Lake Shihwa suffers from trace-metal pollution discharged from the Banweol stream and the Shihwa Industrial Complex. Installation of floodgates in 2001 increased water exchange and decreased trace-metal content, thereby improving the benthic environment within the lake. We analyzed surface sediments (including grain size, pH, trace-metal concentrations), water-quality data, and the assemblages of, and prevalence of deformities in, the benthic foraminifera, to understand the effects of recent changes in salinity variability. Since spatial and temporal distributions of benthic foraminifera are known to vary in response to both biotic and abiotic environmental variables, they are useful indicators of environmental change.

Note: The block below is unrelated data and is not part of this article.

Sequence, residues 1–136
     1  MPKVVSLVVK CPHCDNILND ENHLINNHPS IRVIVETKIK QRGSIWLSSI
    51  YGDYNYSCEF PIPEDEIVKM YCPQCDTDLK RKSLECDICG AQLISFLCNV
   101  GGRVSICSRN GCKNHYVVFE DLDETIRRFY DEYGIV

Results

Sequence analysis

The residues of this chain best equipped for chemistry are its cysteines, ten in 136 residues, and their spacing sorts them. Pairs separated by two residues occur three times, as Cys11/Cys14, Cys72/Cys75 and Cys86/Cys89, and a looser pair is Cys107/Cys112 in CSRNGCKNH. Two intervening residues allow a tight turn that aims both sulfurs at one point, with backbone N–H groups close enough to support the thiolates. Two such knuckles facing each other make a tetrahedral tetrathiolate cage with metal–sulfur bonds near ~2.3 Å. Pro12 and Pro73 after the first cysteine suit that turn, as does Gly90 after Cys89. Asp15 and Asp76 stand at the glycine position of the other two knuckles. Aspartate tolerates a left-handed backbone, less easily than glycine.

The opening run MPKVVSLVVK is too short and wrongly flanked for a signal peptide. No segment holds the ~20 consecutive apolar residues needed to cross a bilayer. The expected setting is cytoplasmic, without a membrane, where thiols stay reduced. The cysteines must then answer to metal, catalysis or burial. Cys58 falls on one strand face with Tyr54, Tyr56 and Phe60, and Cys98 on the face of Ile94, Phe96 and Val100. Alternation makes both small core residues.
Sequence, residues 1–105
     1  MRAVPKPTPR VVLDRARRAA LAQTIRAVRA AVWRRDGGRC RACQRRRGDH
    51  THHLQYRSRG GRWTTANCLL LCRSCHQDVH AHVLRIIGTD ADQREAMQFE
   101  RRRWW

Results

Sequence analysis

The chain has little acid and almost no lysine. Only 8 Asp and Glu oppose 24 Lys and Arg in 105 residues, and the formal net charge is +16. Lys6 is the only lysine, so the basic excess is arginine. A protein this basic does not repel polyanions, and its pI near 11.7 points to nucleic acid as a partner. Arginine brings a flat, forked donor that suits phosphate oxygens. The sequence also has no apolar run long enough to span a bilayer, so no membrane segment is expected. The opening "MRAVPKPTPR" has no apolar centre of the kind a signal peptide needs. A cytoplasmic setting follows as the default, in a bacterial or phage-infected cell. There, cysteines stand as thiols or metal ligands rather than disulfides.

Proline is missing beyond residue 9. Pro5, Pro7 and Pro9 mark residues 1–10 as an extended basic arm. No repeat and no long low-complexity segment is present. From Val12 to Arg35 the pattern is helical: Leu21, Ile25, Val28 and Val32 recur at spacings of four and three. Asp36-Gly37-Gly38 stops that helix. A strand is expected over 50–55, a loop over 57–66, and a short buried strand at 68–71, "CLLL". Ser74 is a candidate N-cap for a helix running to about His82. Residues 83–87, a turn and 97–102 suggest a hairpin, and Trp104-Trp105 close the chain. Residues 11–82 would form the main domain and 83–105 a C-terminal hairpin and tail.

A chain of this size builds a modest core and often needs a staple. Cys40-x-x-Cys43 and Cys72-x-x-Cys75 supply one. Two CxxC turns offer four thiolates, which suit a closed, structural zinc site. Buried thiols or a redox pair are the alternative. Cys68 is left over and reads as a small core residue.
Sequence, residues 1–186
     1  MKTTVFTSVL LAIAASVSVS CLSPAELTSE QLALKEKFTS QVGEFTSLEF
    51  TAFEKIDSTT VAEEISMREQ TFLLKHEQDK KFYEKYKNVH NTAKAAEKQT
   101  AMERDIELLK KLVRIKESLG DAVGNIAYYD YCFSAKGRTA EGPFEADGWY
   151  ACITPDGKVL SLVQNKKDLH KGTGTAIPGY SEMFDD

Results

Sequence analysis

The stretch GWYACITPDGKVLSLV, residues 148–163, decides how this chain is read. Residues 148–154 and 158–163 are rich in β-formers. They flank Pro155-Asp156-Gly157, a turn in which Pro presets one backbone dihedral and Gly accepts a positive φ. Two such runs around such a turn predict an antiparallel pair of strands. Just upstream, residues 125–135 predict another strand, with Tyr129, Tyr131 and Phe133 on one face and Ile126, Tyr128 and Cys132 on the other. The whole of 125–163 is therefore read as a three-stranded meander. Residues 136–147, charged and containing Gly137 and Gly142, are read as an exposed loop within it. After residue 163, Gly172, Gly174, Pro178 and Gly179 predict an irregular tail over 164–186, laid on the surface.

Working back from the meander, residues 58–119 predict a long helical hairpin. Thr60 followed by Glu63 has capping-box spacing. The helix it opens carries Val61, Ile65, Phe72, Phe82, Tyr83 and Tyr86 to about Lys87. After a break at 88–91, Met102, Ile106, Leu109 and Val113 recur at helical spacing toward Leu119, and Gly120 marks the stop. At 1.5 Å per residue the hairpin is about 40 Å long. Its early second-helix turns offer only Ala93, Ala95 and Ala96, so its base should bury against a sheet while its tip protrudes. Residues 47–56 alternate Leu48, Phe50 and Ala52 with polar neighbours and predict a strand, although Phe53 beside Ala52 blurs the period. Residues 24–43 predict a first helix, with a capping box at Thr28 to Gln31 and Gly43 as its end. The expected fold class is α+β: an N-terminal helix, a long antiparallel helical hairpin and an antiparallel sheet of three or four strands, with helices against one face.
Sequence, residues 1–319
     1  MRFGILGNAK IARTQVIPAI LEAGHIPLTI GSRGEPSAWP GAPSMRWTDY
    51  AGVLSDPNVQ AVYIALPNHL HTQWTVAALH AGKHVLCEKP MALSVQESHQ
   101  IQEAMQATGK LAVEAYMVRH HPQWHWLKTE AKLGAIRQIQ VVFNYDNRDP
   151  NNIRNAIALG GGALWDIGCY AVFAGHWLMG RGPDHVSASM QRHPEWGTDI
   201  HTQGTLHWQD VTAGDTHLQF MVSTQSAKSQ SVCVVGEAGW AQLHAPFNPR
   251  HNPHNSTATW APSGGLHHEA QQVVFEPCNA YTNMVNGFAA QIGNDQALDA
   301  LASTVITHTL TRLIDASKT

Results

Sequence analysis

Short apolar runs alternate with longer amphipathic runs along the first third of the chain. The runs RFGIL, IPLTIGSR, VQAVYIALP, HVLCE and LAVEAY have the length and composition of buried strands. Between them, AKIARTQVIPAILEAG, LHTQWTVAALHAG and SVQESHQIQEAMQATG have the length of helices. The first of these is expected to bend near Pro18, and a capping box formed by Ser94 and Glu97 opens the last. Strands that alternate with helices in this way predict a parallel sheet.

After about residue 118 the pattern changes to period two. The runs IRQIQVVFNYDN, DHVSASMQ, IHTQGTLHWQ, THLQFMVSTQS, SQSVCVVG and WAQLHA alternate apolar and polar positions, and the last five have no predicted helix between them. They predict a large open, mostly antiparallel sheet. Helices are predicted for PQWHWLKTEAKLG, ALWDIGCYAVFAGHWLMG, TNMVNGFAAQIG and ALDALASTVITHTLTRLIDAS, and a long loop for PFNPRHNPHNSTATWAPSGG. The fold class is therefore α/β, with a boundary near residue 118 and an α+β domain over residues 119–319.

Since the installation of floodgates, surface-sediment composition coarsened from silt to sandy mud/muddy sand in response to increased water flow. Trace-metal contaminants (Ni, Cu and Zn) have decreased and are close to the Effect Range-Low (ER-L) designation. We identified 15 species of benthic foraminifera (3 agglutinated, 10 calcareous-hyaline, and 2 calcareous-porcelaneous). Buccella frigida and Elphidium albiumbilicatum were dominant, but seven sampling localities formed a nearly abiotic zone. Although trace contaminants have decreased, a high prevalence of test deformities (up to 65%) was observed, mostly in E. albiumbilicatum. Our findings suggest these abnormalities may be strongly related to the effects of seasonal variation of salinity in Lake Shihwa.

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